Streamlining Air Land Operations for Better Outcomes
Changes in warfare in the 16th and 17th centuries - a ‘military revolution’?
The 16th and 17th century was a period of significant change in the character of war. The drivers accounting for these changes were not all based in military reforms, despite Western Europe being engaged almost continuously in war. While tactical applications is interesting, it was the beginnings of some profound changes in the development of warfare; the professional military, the standing army, scale of warfare and subsequent emergence of the state (Crown) owning the monopoly on violence and the arrival of proper naval forces.
Center of Gravity: What Clausewitz Really Meant (Part 1 of 2)
Part one of a two-part article written by Professor Joseph L. Strange, Marine Corps War College and COL Richard Iron, British Army.
This paper explores what Clausewitz really meant by the term “center of gravity”. The authors propose that he intended it to be a strength, either moral or physical, and a dynamic and powerful agent in its own right. The authors also suggest that the current Joint and NATO definition of center of gravity is incorrect, implying it to be a source of strength, and that this mis-definition has been responsible for much of the confusion about the concept that exists today.
Managing Assumptions in Planning and Execution
Capability Boost: Trials Demonstrate Enhanced ViDAR/ScanEagle Package
This article from Jane’s International Defence Review discusses the use of Visual Detection and Ranging (ViDAR) technology on the ScanEagle unmanned aerial system (UAS) platform to provide detection capabilities comparable to radar using Electrooptical (EO) and Infra Red (IR) sensors.
Redefining the Center of Gravity
COL Dale C. Eikmeier, USA (Ret.), is an Assistant Professor at the U.S. Army Command and General staff College. COL Eikmeier shares his thoughts on identifying Center of Gravity. This method will provide campaign planners with an analytical tool that will fulfil doctrinal intent.
Understanding Centers of Gravity and Critical Vulnerabilities (Part 2 of 2)
Part two of a two-part article written by Professor Joseph L. Strange, Marine Corps War College and COL Richard Iron, British Army.
This paper examines the role of centers of gravity in operational design, looking at the relationship between centers of gravity and critical vulnerabilities. It suggests an analytical model that joint warfighters and planners on both sides of the Atlantic can use to assist strategic and operational-level planning. The model helps to analyze existing and potential vulnerabilities of a center of gravity, and determine which of those could be especially critical.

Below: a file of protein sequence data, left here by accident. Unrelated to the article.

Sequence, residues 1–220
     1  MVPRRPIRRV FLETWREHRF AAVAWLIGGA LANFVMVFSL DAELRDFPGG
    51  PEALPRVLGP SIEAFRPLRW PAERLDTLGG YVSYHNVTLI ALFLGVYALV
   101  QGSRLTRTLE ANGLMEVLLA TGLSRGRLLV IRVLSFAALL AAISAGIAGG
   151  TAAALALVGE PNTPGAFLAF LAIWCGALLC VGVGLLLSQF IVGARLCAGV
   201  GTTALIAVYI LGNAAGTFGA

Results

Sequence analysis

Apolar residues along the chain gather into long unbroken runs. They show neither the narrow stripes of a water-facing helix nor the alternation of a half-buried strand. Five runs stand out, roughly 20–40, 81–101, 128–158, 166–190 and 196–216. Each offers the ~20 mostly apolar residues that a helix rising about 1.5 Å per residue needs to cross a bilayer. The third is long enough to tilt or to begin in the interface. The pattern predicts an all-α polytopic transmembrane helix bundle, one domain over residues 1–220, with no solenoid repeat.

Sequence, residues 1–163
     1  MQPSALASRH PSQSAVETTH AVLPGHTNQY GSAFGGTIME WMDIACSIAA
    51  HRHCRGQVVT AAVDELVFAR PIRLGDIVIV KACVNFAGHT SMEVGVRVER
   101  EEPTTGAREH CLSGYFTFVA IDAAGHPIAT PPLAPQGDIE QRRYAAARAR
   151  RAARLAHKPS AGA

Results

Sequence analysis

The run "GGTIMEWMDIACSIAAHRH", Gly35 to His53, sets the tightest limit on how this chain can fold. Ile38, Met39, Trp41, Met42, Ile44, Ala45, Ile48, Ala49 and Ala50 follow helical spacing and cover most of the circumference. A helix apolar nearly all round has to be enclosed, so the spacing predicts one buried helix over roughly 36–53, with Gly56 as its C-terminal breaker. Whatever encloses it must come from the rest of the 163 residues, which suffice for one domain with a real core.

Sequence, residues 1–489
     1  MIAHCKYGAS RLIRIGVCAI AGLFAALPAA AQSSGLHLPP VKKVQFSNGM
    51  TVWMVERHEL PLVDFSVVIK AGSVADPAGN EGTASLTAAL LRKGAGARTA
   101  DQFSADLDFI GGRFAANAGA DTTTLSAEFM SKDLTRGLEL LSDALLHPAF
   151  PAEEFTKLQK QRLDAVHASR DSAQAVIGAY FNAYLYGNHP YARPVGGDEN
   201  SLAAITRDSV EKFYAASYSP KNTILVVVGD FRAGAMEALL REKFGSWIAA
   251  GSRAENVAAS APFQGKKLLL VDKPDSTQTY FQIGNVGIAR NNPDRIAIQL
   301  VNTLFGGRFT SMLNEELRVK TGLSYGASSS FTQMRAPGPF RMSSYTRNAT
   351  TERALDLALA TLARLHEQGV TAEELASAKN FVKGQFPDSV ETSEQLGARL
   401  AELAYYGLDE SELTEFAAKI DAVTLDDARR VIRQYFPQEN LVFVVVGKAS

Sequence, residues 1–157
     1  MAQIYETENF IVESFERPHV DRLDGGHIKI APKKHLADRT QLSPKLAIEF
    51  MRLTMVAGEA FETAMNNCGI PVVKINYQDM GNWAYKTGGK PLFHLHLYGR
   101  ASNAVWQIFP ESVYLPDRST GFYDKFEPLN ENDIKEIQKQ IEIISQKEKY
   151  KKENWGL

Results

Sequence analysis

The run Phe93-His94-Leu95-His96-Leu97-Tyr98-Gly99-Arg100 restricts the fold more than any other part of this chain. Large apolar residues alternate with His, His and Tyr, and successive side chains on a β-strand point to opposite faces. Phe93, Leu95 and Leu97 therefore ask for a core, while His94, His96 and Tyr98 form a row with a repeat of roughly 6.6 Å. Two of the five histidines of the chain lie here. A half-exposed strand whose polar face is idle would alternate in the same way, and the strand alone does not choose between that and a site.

How the Military Fights Climate Change
Military leaders have known for millennia that the time to prepare for a challenge is before it hits you, says scientist and retired US Navy officer David Titley. He takes us from the humanitarian catastrophe in Syria to the icy shores of Svalbard to show how the military approaches the threat of climate change, in a refreshingly practical, nonpartisan take on climate preparedness. "The ice doesn't care who's in the White House. It doesn't care which party controls your congress. It doesn't care which party controls your parliament," Titley says. "It just melts."
Center of Gravity Analysis “Down Under”
Dr. Aaron P. Jackson is a Joint Operations Planning Specialist in the Joint and Operations Analysis Division of Australia’s Defence Science and Technology Group. The article expresses his view on Center of Gravity Analysis and The Australian Defence Force’s New Approach.
A Theory-based Framework for Critical Thinking in Defence Planning and Assessment
This article was written by Dr Mazourenko and Mr Jobst from the Defence Science and Technology Organisation and it describes how military planning and assessment processes can benefit from ‘Program Theory’. It argues that a ‘theory-based framework’ will support better-informed decision making in a time-sensitive matter.
Understanding Why a Ground Combat Vehicle That Carries Nine Dismounts Is Important to the Army
The Army has examined the lessons of half a dozen significant conflicts, starting with World War II, has conducted numerous studies over the last 65 years, and has found time and again that an ability to conduct dismounted fire and maneuver is the fundamental squad-level tactic.
The Lost Operational Art: Invigorating Campaigning into the Australian Defence Force
In this study paper, LTCOL Trent Scott expresses his view that the absence of relevant operational art may result in future ADF leaders being inadequately prepared to use operational art when required.